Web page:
Seven Takeaways for a Successful SharePoint Implementation

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I’ve been in the SharePoint world for many years, both as a consultant and as a client. In that time, I’ve had great opportunities to perform SharePoint development with organizations in the public and private sectors, and I recently finished a large SharePoint project for an upstream oil and gas company. In my experience, nine times out of 10, my job is to either “clean up” SharePoint or “automate” one of their business process in SharePoint – fundamental issues that could have been avoided with the right pre-implementation planning. So, if you are considering a SharePoint implementation, here are seven takeaways to ensure that your SharePoint environment is fundamentally sound and can better accommodate downstream changes needed by your corporate users.

  1. Establish Requirements – Get a good grasp of your user’s needs, including pain points both in SharePoint and their business process as well. When gathering requirements, it’s important to engage the user community, so take the time to learn what they are currently doing and what changes they want by holding “walk through” sessions with users of their current process. If you get to know your daily user, it will help you define priorities and success criteria.
  2. Define Standards – As Henry Ford famously said, “You can have any color car you want, as long as it’s black.” While automakers have come a long way since then in terms of colors, standardization is what allowed them to support high demands and keep their costs low.  Your SharePoint solution needs to be very similar in scope. This is where really knowing SharePoint features and functions comes to the fore. SharePoint provides a lot of out-of-box features that can usually meet the user needs, and it can be integrated with third-party solutions such as Nintex or K2 to extend SharePoint’s native functionality. Using these will help standardize your solution and keep costs low compared to custom development.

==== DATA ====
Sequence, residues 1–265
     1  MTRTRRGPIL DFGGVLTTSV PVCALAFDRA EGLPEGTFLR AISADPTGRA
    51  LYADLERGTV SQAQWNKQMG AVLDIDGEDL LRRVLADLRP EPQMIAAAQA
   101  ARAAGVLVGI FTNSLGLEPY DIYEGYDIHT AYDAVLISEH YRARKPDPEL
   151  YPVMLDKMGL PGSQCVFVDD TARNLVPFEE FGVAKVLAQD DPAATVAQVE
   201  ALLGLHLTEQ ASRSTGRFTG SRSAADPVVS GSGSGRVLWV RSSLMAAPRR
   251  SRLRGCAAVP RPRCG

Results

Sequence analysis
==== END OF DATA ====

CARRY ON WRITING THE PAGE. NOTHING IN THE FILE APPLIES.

3. Build an Effective Solution – Effectiveness in SharePoint deployments includes mapping your business requirements with technical requirements, and knowing SharePoint best practices and its out-of-the-box features. Understand SharePoint’s limits to avoid later frustrations from the users. For example, if your workflow exceeds 100 actions, your solution will likely cause issues by randomly erroring out or not starting at all.
  4. Define Archival Policy – Oftentimes workflows, tasks, and lists will be created for a solution, but what happens after the tasks and workflows are completed is ignored. Don’t wait until a year after the solution is deployed – or when your task list has reached its limit and your SharePoint is running slow or not running at all – to define an archival policy. Define workflows and how completed tasks are handled when developing your solution.
  5. Encourage User Adoption – As with any deployment of a software tool, SharePoint solutions require an adequate adoption strategy. Define user roles and responsibility for your solution, provide relevant training to the users, and train your support on other possible issues that can occur.
  6. Provide User Documentation – A big part of being a SharePoint Consultant is providing guidance to my clients, so at the end of any engagement I make sure my clients have learned proper “care and feeding” techniques for their SharePoint environments. Provide through user and development documentation. Few developers like doing documentation, but having the documentation on hand will save you time when your solution needs to be updated. It also is a great way to keep your clients informed on what is in their environment.
  7. Keep It Simple – Overly complex solutions can bring processes to a halt. What matters is having the proper insight of SharePoint and your client needs and using that insight to deliver high-quality solutions.

Lastly, once SharePoint has been successfully deployed, it is important to gather user feedback so that you can make continuous functional improvements to your SharePoint environment. And those improvements will be much easier to deploy when your SharePoint environment is built on a solid foundation.